Flour comes from the berry of the wheat grain. The wheat berry, or kernel, is composed of three parts:
- Bran is the outer layer of the berry.
- Germ is the part that grows into a new wheat plant.
- Endosperm comprises most of the kernel and holds the starches and gluten forming proteins.
White flour, the kind most commonly used for pizza dough, is made by grinding the endosperm into a fine powder. When the proteins found in flour are mixed with water you get gluten—a strong, stretchy substance.
The starches in the flour combine with the gluten to form a viscoelastic matrix that is the structure of your dough. This matrix traps gases from yeast fermentation which causes the dough to rise. Stronger dough made from high protein flour and longer mix times limit the rise and yield thinner, crispy crusts. Weaker dough made from low protein flour and shorter mix times will increase the rise creating thicker, softer crusts.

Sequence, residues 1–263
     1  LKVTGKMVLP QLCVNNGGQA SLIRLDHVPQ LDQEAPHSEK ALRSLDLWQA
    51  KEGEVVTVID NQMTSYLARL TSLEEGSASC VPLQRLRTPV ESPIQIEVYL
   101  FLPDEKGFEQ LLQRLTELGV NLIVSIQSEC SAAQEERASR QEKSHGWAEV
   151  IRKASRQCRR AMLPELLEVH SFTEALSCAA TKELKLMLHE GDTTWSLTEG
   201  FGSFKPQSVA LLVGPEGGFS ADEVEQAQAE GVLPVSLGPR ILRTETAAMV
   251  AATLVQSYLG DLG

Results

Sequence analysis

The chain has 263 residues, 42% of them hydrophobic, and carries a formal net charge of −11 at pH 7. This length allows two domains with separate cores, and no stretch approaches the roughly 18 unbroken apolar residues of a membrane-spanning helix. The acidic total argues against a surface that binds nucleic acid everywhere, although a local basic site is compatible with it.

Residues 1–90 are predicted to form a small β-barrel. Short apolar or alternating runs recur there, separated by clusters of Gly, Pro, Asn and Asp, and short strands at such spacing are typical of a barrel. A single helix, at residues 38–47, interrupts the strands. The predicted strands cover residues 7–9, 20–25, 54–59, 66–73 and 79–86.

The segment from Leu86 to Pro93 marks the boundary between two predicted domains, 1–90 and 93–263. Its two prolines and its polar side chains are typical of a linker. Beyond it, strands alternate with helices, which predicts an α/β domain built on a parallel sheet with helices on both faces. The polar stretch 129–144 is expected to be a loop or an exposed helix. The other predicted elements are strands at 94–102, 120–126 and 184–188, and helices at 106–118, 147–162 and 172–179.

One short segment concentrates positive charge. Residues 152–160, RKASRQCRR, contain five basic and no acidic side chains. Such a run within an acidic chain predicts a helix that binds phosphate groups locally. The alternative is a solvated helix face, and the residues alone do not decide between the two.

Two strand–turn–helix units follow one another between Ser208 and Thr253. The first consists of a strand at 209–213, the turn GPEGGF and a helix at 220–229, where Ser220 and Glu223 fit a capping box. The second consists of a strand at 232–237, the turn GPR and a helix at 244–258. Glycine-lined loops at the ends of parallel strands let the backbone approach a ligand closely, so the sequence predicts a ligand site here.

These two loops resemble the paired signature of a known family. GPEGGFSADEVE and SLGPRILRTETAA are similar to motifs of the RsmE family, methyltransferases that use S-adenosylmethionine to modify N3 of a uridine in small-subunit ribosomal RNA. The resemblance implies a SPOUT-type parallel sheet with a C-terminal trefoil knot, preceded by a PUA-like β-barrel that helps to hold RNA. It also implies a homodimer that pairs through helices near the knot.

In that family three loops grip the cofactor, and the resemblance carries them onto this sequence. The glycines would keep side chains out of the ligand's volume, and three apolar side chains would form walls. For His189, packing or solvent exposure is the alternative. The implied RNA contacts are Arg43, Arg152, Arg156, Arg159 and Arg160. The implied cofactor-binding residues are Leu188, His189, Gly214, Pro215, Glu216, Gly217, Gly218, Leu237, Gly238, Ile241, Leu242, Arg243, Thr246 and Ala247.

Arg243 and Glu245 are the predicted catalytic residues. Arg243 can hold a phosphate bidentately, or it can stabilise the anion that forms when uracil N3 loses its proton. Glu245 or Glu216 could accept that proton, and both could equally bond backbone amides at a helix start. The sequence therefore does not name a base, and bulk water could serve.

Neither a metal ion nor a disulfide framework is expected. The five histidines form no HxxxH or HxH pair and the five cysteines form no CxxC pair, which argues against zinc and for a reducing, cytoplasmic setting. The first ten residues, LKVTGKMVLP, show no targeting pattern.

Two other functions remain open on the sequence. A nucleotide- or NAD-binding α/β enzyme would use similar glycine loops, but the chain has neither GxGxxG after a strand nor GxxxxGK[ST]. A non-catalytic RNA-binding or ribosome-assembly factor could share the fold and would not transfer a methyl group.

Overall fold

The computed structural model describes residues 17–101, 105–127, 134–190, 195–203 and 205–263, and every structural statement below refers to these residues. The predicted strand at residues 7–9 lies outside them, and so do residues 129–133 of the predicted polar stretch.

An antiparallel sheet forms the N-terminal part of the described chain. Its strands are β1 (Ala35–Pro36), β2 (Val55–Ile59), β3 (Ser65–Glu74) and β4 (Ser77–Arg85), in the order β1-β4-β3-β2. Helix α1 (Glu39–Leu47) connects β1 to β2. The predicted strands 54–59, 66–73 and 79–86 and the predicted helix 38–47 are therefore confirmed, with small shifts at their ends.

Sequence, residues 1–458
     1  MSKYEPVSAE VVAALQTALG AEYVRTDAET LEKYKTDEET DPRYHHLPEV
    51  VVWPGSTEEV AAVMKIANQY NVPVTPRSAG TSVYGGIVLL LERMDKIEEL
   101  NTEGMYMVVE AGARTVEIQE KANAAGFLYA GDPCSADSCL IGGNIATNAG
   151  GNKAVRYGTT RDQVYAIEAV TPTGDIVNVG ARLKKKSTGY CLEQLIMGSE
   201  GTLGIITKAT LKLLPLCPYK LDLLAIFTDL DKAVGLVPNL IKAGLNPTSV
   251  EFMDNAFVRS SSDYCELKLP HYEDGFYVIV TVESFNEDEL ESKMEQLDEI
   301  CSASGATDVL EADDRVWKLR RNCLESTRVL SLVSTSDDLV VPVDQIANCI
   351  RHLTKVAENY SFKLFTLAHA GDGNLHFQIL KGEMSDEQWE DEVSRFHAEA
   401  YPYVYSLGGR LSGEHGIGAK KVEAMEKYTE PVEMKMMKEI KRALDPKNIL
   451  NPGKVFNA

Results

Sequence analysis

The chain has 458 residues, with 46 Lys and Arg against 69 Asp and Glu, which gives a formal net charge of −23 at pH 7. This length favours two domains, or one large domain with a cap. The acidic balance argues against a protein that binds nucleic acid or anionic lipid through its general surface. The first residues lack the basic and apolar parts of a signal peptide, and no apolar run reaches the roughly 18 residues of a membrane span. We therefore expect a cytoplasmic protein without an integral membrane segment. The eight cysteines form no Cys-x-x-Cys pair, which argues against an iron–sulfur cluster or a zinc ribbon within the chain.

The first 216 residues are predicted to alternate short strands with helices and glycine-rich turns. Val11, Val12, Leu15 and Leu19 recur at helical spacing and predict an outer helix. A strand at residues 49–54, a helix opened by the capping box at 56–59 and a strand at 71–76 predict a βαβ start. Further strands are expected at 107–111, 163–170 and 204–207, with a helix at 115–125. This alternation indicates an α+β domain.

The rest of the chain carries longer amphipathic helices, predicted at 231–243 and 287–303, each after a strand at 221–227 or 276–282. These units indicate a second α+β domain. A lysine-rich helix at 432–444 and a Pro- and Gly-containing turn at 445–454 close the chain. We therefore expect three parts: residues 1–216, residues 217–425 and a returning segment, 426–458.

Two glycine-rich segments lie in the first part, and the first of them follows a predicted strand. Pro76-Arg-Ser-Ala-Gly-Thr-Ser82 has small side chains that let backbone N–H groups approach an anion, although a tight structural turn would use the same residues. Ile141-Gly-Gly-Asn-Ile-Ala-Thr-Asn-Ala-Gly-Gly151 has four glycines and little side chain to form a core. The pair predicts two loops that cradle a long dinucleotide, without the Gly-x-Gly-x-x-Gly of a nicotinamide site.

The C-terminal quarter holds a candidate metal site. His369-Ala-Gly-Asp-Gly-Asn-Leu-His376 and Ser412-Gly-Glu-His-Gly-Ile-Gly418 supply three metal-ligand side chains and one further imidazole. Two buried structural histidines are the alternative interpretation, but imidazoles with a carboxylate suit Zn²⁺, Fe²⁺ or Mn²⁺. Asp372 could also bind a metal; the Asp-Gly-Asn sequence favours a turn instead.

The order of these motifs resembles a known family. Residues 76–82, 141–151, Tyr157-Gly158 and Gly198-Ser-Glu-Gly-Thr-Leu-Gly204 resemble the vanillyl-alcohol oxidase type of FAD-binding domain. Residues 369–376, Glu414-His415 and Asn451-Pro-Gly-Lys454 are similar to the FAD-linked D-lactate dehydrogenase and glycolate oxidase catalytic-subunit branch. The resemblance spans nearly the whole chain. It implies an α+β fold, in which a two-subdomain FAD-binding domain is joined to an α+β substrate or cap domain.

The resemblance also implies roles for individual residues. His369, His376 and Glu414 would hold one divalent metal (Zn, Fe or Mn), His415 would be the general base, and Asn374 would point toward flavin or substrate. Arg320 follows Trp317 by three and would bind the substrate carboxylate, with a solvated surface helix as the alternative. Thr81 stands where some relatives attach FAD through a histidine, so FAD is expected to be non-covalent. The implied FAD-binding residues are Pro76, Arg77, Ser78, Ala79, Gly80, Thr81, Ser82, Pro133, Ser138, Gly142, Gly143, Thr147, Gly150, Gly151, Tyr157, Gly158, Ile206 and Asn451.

The starch in the flour provides enzymes and natural sugars for the yeast to assist in fermentation and aid in the browning of the crust in the oven.